Big stick energy laws to hit parliament

But industry says energy legislation creates uncertainty

News
MPs will be asked to consider "big stick" legislation that threatens to break up power giants.

MPs will be asked to consider "big stick" legislation that threatens to break up power giants.

Aa

Legislation targeting energy companies will be introduced to federal parliament today.

Aa

Household power bills will again be central to political debate as the coalition prepares to revive federal legislation targeting energy companies.

The so-called "big stick" legislation which threatens to break up big power companies if they are found to be jacking up prices, will be introduced to the lower house on Wednesday,.

It's not yet clear how the revived legislation will differ from draft laws the coalition introduced to the lower house last December, which lapsed at the election.

Labor is yet to see the refreshed bill, but Energy Minister Angus Taylor is positing it as a "crucial test" for the opposition.

"The government is sending a clear signal to industry about what the Australian community expects," he said.

"The bill will ensure energy companies play by the rules in the retail market by requiring them to pass on cost savings to consumers."

Both Labor and the energy sector will pore over the bill to see if it's different to the version they opposed last year.

"I do note that the Liberal Party is hopelessly split on the so-called 'big stick' legislation," shadow treasurer Jim Chalmers said on Tuesday.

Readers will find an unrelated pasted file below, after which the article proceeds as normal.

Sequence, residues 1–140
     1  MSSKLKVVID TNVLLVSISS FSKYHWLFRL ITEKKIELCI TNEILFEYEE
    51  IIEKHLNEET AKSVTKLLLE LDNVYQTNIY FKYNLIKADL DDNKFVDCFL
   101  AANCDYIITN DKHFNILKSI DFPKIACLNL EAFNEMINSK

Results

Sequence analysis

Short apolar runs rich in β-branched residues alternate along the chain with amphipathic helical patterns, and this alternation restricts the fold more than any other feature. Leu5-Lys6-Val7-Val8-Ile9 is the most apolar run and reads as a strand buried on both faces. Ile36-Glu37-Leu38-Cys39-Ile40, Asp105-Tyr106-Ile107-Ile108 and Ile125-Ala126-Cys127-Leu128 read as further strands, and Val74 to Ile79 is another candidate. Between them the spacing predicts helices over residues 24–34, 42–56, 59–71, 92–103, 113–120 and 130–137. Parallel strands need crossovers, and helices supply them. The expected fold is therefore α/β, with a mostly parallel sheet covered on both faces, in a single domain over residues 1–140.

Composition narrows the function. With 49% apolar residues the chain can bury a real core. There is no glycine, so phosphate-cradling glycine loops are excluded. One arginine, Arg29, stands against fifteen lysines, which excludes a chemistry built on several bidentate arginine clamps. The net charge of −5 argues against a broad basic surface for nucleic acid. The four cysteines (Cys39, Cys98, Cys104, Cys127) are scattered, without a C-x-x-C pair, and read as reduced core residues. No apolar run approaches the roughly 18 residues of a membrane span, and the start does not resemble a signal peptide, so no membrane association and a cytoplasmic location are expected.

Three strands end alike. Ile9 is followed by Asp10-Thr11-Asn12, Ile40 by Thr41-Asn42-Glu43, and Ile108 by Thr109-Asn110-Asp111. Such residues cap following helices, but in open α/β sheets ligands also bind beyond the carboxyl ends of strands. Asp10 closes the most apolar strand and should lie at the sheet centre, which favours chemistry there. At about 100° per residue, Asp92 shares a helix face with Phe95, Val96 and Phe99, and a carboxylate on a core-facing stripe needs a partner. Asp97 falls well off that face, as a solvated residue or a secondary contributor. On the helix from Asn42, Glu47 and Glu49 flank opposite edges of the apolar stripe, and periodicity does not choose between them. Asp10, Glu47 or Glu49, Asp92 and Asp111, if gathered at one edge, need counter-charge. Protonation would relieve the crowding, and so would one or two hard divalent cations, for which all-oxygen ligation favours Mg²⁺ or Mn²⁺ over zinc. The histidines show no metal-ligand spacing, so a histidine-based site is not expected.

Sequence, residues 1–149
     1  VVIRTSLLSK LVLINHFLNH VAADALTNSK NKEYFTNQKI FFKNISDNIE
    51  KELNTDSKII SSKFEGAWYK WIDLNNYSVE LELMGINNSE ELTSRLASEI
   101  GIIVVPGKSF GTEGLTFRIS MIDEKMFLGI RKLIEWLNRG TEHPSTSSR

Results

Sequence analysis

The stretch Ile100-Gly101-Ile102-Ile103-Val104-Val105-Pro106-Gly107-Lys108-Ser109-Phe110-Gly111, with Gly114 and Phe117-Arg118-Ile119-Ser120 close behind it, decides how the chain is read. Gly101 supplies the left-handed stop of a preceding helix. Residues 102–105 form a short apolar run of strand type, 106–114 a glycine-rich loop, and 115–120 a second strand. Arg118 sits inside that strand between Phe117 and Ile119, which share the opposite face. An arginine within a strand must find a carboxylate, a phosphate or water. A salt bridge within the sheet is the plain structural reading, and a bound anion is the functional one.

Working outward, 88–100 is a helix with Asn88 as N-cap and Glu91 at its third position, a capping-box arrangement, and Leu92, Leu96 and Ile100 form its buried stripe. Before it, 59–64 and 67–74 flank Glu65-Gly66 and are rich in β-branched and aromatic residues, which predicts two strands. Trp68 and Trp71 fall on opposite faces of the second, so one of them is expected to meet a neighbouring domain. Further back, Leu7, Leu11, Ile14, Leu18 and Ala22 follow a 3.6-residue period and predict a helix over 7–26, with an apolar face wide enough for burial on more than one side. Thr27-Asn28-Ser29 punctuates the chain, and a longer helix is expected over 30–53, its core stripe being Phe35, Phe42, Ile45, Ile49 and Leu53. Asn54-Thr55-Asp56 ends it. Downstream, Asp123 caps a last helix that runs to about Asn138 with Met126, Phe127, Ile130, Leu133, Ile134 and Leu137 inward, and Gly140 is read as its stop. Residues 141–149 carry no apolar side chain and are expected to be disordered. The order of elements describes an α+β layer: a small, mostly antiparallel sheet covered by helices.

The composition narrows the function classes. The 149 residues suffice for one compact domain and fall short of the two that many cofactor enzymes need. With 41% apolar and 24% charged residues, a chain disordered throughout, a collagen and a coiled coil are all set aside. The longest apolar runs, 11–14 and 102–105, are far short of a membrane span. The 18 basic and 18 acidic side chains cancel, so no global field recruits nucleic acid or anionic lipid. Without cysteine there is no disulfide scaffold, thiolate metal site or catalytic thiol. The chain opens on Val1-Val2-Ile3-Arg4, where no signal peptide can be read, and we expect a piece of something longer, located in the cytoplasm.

Both the energy industry and the business sector argue the proposal will scare investors away and therefore lead to a rise in power bills.

"It simply creates an atmosphere of uncertainty and it heightens risk in the industry, and what that means is higher costs for everyone," Australian Energy Council chief Sarah McNamara told ABC News.

She says the laws are being pushed for "political purposes", arguing the bill hasn't been put together in response to any known misconduct.

Business Council of Australia chief executive Jennifer Westacott said the plan needed more work, offering to help the government on the legislation.

"We don't agree with this legislation, we don't think it's the right way to encourage investment," she told ABC radio.

Meanwhile, a new report has found the ACT is the first major jurisdiction outside of Europe to transition from fossil fuel-based electricity supply to 100 per cent renewables.

A new agreement beginning next month with a South Australia-based wind farm will see the national capital achieve the target by next year.

Chief minister Andrew Barr is set to launch the Australia Institute report on Wednesday at the territory's legislative assembly.

Australian Associated Press

Aa

From the front page

Sponsored by